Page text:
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- Clay Soil, Sandy Soil, Loamy Soil, Drought/Dry Soil
- Water deeply when soil is dry to the touch, then let drain completely.
The Sedum adolphi needs a lot of natural sunlight. It should be planted in a spot that gets full sun to partial shade. It will do well if it receives at least 6 hours of sunlight per day.
While it needs natural sunlight, take care not to subject your Sedum adolphi to too much sun. Over-exposure to intensely hot sunlight can cause sunburn. If this happens, the leaves will wilt, and the plant will dehydrate.
When planting the Sedum adolphi in outdoor beds, choose a position that gets direct sunlight for a large part of the day, but also has some dappled shade.
The Sedum adolphi also makes a lovely indoor plant. Select a warm room with a south-facing window. This succulent will grow quite happily in a pot on the windowsill, and will soon be trailing down and thriving.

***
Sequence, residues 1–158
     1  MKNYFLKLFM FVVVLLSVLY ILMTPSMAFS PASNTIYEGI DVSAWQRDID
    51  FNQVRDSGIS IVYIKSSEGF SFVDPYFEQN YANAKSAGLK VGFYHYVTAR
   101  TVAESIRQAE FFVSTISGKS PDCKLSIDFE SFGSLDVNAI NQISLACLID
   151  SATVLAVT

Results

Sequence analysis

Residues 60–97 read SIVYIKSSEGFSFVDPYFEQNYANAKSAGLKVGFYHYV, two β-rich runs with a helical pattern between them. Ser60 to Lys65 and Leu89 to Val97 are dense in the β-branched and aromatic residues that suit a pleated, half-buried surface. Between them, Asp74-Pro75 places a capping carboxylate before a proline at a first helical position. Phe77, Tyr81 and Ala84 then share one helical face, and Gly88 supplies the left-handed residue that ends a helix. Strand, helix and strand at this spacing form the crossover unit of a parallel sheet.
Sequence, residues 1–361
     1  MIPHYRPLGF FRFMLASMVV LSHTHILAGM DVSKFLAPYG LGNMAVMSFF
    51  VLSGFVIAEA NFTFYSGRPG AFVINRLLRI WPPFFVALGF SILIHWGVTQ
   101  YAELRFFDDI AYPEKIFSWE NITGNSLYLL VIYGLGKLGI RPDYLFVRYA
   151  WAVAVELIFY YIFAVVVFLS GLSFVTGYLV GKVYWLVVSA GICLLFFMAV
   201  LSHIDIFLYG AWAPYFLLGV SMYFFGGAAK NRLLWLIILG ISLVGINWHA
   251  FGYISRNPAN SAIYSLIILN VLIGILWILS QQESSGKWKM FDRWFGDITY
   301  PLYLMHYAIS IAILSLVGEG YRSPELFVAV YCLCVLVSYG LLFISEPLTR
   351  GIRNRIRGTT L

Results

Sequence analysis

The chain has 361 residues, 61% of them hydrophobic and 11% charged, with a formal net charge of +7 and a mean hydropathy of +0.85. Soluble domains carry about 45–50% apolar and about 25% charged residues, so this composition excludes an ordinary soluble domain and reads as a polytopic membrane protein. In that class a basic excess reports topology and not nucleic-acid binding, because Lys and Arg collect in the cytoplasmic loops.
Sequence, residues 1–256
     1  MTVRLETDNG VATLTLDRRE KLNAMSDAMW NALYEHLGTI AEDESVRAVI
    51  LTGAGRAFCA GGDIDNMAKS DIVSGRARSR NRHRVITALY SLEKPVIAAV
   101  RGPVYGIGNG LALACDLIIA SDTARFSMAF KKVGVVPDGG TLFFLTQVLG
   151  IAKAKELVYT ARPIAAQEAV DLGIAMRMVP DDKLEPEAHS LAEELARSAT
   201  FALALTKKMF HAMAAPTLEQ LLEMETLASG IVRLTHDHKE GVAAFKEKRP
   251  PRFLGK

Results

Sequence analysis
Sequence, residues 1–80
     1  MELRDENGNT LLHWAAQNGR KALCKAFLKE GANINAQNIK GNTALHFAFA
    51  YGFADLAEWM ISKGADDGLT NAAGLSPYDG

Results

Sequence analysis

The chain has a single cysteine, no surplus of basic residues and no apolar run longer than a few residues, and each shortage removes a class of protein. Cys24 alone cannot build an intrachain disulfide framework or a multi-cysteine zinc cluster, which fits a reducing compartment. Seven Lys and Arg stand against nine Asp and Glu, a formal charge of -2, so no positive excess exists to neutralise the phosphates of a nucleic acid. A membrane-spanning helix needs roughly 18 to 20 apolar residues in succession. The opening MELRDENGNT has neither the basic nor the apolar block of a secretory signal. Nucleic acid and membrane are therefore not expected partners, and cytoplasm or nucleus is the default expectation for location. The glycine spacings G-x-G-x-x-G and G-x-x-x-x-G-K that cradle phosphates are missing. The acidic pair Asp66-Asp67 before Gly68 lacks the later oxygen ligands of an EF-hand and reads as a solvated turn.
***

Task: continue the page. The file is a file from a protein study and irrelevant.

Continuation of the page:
If you don’t have enough natural light indoors, it is recommended to get a grow light from a nursery or garden center. This will mimic natural light, and encourage healthy growth in your plant.
Take care not to overwater your Sedum adolphi. The roots should never be left to sit in permanently damp soil. This will cause them to rot, and will also encourage fungal infections to take hold.
It is imperative that your pots have good drainage holes at the bottom. Water the plant by soaking the soil deeply, and then allowing the water to drain off. The soil needs to dry out completely before you water it again.
To test if the plant needs water, insert a wooden skewer or a kebab stick deep into the soil. If it is totally dry when it is removed, the plant can be watered. You can also insert a finger to feel if the soil is dry inside.
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The Sedum adolphi will not cope well with extreme cold. Because it is native to a very hot area, it is unable to adapt to very cold conditions.
If you live in an area with a mild to moderate climate, you can plant this succulent in outdoor beds. It will do well in a warm spot that gets lots of sunlight, as long as overnight temperatures do not dip too low.
If your area is prone to very cold weather, where the temperature often falls below 20° Fahrenheit, it is advisable to plant your Sedum adolphi in containers, so that you can take them indoors when cold weather is forecast.